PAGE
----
2016 marks the 30th anniversary of a motoring legend, one which revolutionised the mid-size sports car segment when its production started in 1986. The very first BMW M3 set a new standard by which other car makers would be measured — and, five model generations later, are still judged today.
BMW Motorsport Division, the precursor to BMW M Division, was rigorous in its deployment of undiluted motor racing technology in the development of the first-generation BMW M3. Its endeavours produced a high-performance sports car — based on the series-produced BMW 3 Series — that was suited to daily use. Over the three decades that have followed, BMW M has refined its trailblazing and successful creation from one generation to the next, while always taking care to preserve the original character of the M3. The upshot is that there is arguably still no other car that blends such prominently honed motor sport genes and uncompromised everyday practicality into such a stirring overall package.
The 30th anniversary of the BMW M3 provides an opportunity to look back at four highly intriguing model variants that, for various reasons, never made it past the prototype stage. Four guests will therefore be attending their progenitor’s birthday party: the BMW M3 Pickup from 1986, the BMW M3 Compact from 1996, the BMW M3 Touring from 2000 and the second incarnation of the BMW M3 Pickup unveiled in 2011.
Use in touring car racing was the overriding development objective for the first-generation BMW M3.
The BMW M3 was not an attempt to produce a sporting flagship for a volume-produced model range; instead it originated from the idea of developing a racing car for motor sport that would also be available in a road-going version. The selected category of racing was Group A production touring cars – as seen in the German Touring Car Championship (DTM) that had succeeded the German Racing Championship (DRM). The Group A regulations stated that for a racing car to be homologated, at least 5,000 road-legal units had to be sold within 12 months.
Having the chance to develop the production and race versions of the car alongside one another presented the development team with an opportunity, which they duly capitalised on. The axle kinematics, suspension and damping were all tailored to the future demands of motor racing, as was the braking system, which combined the standard ABS with inner-vented brake discs at the front and an engine-driven high-pressure pump. Details such as the transmission’s shift pattern with first gear at the bottom left also gave a clear indication of the vehicle’s singular focus on racing.
On top of this came extensive weight-saving measures. While the body with broad wheel arches was manufactured from sheet metal in the traditional manner, the front and rear bumpers along with the side skirts, boot lid and spoiler were made of plastic, reflecting the engineers’ commitment to intelligent lightweight construction. The BMW Motorsport experts tweaked the car’s aerodynamics too, with the C-pillar of the BMW M3 following a slightly shallower angle than the standard body and having a broader base. This allowed the airflow to be directed towards the distinctive rear spoiler more effectively.
Extensive use of high tech in the powertrain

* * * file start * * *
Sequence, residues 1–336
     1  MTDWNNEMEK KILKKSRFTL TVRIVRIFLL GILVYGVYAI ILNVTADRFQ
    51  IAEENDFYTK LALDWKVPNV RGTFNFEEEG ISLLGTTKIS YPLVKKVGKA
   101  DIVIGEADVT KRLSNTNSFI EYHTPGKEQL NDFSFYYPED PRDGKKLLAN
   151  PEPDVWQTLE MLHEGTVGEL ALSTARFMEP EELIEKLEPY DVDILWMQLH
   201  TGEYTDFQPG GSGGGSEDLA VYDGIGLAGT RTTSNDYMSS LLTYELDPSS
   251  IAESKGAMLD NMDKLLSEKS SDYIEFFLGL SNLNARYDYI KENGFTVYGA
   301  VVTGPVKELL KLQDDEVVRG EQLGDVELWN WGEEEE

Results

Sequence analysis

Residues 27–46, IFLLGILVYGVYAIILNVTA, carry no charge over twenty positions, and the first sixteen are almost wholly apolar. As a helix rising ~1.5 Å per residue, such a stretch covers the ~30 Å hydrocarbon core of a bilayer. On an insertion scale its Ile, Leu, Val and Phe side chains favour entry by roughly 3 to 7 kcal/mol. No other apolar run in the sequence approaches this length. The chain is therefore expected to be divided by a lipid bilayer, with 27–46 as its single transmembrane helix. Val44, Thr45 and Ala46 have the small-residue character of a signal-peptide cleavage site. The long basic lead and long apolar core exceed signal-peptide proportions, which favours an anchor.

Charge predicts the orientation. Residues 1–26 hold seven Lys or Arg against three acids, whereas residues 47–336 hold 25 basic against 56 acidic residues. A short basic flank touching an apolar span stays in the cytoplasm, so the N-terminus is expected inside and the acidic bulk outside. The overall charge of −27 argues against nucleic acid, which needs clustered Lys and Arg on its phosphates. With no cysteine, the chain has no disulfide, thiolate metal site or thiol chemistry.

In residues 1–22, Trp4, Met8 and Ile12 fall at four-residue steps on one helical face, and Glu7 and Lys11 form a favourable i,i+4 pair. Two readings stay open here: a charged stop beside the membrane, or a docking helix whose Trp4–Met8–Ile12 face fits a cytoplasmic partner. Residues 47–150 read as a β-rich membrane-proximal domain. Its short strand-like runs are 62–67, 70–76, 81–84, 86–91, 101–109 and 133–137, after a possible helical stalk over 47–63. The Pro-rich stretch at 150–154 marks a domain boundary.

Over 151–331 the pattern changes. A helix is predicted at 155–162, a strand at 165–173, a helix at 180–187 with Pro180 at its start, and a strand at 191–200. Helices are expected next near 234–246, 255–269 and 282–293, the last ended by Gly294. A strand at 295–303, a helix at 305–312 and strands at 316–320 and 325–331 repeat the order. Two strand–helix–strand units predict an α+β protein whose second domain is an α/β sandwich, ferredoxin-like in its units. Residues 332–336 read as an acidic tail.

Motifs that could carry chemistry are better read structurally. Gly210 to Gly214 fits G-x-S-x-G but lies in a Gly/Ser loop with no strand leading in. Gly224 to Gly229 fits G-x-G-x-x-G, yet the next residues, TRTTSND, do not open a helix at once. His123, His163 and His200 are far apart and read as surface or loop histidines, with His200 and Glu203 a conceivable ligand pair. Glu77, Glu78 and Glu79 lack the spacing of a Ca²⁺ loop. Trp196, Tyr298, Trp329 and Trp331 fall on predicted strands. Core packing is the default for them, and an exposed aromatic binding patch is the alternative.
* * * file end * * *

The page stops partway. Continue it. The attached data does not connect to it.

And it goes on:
The experts at the Motorsport department used the two-litre four-cylinder engine fitted in series-production models as the basis for the M3’s unit, as the low weight of its construction and its high-revving capabilities meant it had exactly the right ingredients for a racing engine. To transform the well-mannered everyday engine into an athletic performer with sports car credentials, however, they had to subject it to some intensive power therapy.
First, they increased its displacement to 2.3 litres and converted it to a four-valve arrangement. For this purpose, the team employed a suitably modified cylinder head taken from the six-cylinder engine featured in the BMW M1, whose combustion chambers were — conveniently enough — spaced exactly the same distance apart as the four-cylinder unit’s. The crank drive on the BMW M3 was designed to be so rigid that it could handle 10,000 revolutions per minute and more. The standard production car’s rated engine speed of 6,750 rpm therefore left plenty of margin for further evolutions of the motor sport off-shoot.
From sporting machine to heavy-duty transporter: the BMW M3 Pickup (1986).
When the first generation of the BMW M3 was brought out, it wasn’t just customers who were enthralled by its dynamic abilities. It also caused quite a stir within the BMW Motorsport department responsible for its development, who saw it as the means of transporting work equipment and parts around the premises of what is now BMW M Division in Garching near Munich. The only problem was that goods transport didn’t figure very highly on the list of the first BMW M3’s many talents.
It didn’t take long to remedy the situation, the body of a BMW 3 Series Convertible being transformed into a BMW M3 Pickup. “The convertible bodyshell was chosen as the basis for two reasons,” recalls Jakob Polschak, head of vehicle prototype building and workshops at BMW M Division and an employee at the company for more than 40 years. “Firstly, we happened to have such a model at our disposal and in perfect condition. And secondly, the convertible’s built-in bracing made it the ideal choice for a pickup conversion.”